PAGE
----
Thursday, 21 May 2015

Booze, early death and bad reporting

My local paper, the Telegraph & Argus is generally pretty good but every now and then - especially on health matters - it produces some utterly shocking journalism. And today on the subject of early death it produced a corker.

The writer, Rob Lowson presents a more-or-less straightforward report on the last data from the Health and Social Care Information Centre (HSCIC) on the matter of premature death. The HSCIC has totted up the gap between the age people die and the "potential" life expectancy - these figures show that Bradford is bottom of the pile in Yorkshire.

For once I'm not going to set off on a rant explaining how the age at which people are dying now is not a very good guide to the age at which people who are living will die. This should be utterly obvious to anyone looking at this data, so obvious that I can only assume that it suits the purposes of public health folk to pretend that current mortality rates are somehow an indicator of future mortality rates (or indeed a thing they call "health inequality").

Instead let's look at Rob's words - he explains the data and how it's calculated, explains the conditions that contribute (coronary heart disease, respiratory problems, cancers) and quotes - at some length - Bradford Council's Director of Public Health who talks about what the Council is doing and urges a degree of personal responsibility:

"Our campaigns also highlight the importance of individuals taking responsibility for their own health by making positive lifestyle choices like exercising regularly, drinking in moderation, eating a healthy diet, and stopping smoking."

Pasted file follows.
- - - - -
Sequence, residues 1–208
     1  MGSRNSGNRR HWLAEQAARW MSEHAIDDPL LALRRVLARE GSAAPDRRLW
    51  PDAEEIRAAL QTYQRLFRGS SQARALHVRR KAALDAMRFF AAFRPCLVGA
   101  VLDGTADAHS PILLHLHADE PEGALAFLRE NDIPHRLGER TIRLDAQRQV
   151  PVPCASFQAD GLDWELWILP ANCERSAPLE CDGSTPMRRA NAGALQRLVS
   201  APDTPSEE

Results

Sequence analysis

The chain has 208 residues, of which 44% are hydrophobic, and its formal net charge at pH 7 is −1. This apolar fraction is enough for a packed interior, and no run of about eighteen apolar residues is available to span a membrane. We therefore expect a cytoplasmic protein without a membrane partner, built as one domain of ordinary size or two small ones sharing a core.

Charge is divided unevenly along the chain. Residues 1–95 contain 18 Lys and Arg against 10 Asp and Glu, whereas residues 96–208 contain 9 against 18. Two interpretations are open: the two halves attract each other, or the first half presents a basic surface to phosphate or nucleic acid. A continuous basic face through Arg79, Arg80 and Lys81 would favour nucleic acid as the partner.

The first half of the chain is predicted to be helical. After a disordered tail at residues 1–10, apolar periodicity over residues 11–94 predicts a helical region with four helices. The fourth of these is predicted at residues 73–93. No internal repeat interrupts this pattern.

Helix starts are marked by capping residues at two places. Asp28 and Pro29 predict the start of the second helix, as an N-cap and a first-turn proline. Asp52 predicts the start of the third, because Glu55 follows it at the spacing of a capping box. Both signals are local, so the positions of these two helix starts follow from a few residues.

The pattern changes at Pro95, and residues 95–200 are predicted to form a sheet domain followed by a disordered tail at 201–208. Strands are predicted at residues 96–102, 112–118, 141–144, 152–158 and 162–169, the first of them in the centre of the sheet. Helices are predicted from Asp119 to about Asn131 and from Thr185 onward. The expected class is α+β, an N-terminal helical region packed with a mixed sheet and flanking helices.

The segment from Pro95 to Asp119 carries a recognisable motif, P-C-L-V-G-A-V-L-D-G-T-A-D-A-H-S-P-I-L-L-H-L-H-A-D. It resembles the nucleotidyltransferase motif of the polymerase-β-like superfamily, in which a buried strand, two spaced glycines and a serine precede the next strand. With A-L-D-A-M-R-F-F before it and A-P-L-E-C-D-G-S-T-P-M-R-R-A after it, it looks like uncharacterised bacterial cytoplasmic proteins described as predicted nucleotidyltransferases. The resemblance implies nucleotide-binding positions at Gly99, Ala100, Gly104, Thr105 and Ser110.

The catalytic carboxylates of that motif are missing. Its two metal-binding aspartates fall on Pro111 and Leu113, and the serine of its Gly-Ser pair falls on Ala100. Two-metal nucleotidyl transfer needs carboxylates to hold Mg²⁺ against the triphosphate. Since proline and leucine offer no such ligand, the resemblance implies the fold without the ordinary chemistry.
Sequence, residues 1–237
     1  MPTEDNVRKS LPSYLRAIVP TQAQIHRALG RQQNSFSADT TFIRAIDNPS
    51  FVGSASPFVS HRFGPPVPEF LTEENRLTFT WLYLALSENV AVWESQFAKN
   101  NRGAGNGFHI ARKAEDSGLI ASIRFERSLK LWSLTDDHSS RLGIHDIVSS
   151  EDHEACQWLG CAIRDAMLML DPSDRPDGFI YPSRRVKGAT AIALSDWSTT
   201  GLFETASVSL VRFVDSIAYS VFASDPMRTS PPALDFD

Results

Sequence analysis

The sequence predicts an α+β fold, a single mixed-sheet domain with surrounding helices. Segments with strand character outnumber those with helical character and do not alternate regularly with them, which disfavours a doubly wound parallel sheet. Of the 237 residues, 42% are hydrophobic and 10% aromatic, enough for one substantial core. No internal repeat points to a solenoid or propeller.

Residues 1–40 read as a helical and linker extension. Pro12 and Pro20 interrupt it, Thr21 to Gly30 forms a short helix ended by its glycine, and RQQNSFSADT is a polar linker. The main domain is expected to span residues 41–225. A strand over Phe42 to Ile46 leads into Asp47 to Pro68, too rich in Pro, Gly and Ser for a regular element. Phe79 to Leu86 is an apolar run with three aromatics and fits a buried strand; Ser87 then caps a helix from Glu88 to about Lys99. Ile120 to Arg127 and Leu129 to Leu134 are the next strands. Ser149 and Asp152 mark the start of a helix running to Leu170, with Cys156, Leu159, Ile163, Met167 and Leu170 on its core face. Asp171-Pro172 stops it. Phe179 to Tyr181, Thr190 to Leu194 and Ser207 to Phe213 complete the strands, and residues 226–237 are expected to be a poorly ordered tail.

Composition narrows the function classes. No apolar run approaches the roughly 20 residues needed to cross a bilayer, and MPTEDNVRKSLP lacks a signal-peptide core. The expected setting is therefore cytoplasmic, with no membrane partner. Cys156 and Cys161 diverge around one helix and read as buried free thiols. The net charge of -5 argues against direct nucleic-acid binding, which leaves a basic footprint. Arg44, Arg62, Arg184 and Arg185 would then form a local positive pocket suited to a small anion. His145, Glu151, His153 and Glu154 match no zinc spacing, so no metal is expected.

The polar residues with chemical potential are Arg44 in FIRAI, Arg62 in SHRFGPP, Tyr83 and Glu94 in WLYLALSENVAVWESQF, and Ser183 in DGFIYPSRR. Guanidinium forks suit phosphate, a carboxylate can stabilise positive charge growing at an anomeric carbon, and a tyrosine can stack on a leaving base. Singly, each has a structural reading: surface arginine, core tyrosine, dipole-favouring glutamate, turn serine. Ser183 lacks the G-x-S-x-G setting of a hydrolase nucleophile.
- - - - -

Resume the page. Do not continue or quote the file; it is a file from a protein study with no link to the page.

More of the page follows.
Nothing here at all that suggests those lifestyle choices are the reason for the gap - indeed the Council's approach is to stress reducing poverty and improving environmental conditions such as warmer homes and cleaner air. It's all pretty fair and concludes with something of a success story - the reduction in rates of infant mortality in Bradford (which were among the UK's highest and merited the focus of public health efforts).

Given all this, I have no idea why the newspaper chose to illustrate the article with a photograph of a beer engine and a couple of guys drinking pints. A photograph with the caption - wholly unrelated to the article - "excessive drinking is one factor in Bradford's high early death rate". A bald statement based on no evidence and almost certainly not the main - or even a significant - problem. Bradford has one of the highest rates of abstention in the UK (23% of adults) and has rates of heavy drinking significantly below the English average (6.24% as compared to 6.75%). Just to complete the picture the city also has lower rates of alcohol-related violent crime that the English average.

It is lazy, sloppy newspaper reporting to pick on one factor - one unimportant factor - to illustrate a balanced report on Bradford's mortality statistics. And even worse to do so by picking on beer served in a public house as the source of the problem.


No comments: